Can bacteria make their own food from sunlight?
Plants aren't the only organisms that use the energy of the sun to make food. Some bacteria can also perform photosynthesis. In fact, the first photosynthetic organisms on earth were bacteria. Photosynthesis is just one of many ways that bacteria can obtain energy.
Like all organisms, bacteria need energy, and they can acquire this energy through a number of different ways.
Photosynthetic bacteria use the energy of the sun to make their own food. In the presence of sunlight, carbon dioxide and water are turned into glucose and oxygen. The glucose is then turned into usable energy. Glucose is like the "food" for the bacteria. An example of photosynthetic bacteria is cyanobacteria, as seen in the figure above.
Bacteria known as decomposers break down wastes and dead organisms into smaller molecules. These bacteria use the organic substrates they break down to get their energy, carbon, and nutrients they need for survival.
Bacteria can also be chemotrophs. Chemotrophs obtain energy by breaking down chemical compounds in their environment. An example of one of these chemicals broken down by bacteria is nitrogen-containing ammonia. These bacteria are important because they help cycle nitrogen through the environment for other living things to use. Nitrogen cannot be made by living organisms, so it must be continually recycled. Organisms need nitrogen to make organic compounds, such as DNA.
Some bacteria depend on other organisms for survival. For example, some bacteria live in the roots of legumes, such as pea plants (Figure below). The bacteria turn nitrogen-containing molecules into nitrogen that the plant can use. Meanwhile, the root provides nutrients to the bacteria. In this relationship, both the bacteria and the plant benefit, so it is known as a mutualism.
These bacteria-containing nodules on a soybean root help provide the plant with nitrogen.
Other bacteria are parasitic and can cause illness. In parasitism, the bacteria benefit, and the other organism is harmed. Harmful bacteria will be discussed in another concept.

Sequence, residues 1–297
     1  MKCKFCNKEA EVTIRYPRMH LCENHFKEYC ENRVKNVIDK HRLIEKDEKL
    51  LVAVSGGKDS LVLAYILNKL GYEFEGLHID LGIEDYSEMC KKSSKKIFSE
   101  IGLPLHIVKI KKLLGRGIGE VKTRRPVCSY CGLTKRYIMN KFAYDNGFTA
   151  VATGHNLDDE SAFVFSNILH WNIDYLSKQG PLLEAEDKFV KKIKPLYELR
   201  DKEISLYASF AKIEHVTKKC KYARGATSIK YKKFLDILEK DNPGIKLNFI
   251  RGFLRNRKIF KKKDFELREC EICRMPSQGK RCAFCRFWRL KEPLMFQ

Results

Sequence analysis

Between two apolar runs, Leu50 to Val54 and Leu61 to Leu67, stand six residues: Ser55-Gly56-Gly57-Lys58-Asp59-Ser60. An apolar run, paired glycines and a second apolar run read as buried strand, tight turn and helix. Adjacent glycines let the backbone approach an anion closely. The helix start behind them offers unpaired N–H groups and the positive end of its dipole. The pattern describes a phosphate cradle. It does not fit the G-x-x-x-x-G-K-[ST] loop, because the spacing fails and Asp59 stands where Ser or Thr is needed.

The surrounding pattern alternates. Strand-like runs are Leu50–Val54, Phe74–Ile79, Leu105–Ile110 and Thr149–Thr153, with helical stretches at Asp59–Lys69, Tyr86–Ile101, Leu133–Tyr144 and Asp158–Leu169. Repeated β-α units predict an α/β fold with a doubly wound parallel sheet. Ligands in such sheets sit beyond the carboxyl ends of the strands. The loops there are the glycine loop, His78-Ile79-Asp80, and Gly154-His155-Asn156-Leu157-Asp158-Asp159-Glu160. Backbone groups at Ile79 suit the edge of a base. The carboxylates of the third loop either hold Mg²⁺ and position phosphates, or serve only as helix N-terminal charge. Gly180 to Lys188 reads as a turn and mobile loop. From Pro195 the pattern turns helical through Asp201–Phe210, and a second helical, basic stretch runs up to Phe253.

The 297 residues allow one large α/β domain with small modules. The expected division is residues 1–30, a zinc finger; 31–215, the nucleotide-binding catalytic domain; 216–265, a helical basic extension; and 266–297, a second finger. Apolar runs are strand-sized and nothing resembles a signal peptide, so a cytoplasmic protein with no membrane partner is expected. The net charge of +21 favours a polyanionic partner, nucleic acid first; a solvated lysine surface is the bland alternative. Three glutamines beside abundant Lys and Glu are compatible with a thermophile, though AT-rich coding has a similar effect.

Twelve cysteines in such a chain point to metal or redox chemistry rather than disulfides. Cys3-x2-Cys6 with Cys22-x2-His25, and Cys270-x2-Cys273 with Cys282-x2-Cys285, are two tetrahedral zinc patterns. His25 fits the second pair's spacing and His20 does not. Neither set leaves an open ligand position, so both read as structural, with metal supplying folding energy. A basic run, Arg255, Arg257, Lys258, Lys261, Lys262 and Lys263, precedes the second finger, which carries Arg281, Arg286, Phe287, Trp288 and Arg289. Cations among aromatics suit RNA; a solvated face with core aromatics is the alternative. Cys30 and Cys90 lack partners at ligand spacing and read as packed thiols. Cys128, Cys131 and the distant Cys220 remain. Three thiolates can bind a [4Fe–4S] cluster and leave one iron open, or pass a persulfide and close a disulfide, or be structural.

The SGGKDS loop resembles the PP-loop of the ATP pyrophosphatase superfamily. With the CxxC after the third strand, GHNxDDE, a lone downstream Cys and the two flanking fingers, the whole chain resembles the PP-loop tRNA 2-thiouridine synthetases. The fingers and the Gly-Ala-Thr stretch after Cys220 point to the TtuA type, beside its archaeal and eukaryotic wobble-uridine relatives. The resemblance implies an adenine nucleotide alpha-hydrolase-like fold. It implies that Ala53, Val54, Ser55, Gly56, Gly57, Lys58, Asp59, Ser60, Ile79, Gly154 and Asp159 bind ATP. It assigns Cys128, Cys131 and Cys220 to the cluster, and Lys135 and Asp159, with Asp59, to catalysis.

chemotroph: Organism that obtains energy by breaking down chemical compounds in the environment.
mutualism: A close relationship between organisms that is beneficial to both.
parasitism: A relationship between two organisms in which one benefits, and the other is harmed.
- Bacteria can obtain energy and nutrients by performing photosynthesis, decomposing dead organisms and wastes, or breaking down chemical compounds.
- Bacteria can obtain energy and nutrients by establishing close relationships with other organisms, including mutualistic and parasitic relationships.
Use the resources below to answer the questions that follow.
- What are the three nutritional types of bacteria?
- What is the base energy source for these three types?
- How does the base energy source limit where specific types of bacteria can live?
- What is the difference between a heterotroph and an autotroph?
- What is the difference between aerobic, anaerobic and facultative anaerobic bacteria?
- What are two ways bacteria play important roles in the ecosystem?
- What are some ways that bacteria can obtain nutrients and energy?
- What is an example of a mutualism with a bacteria?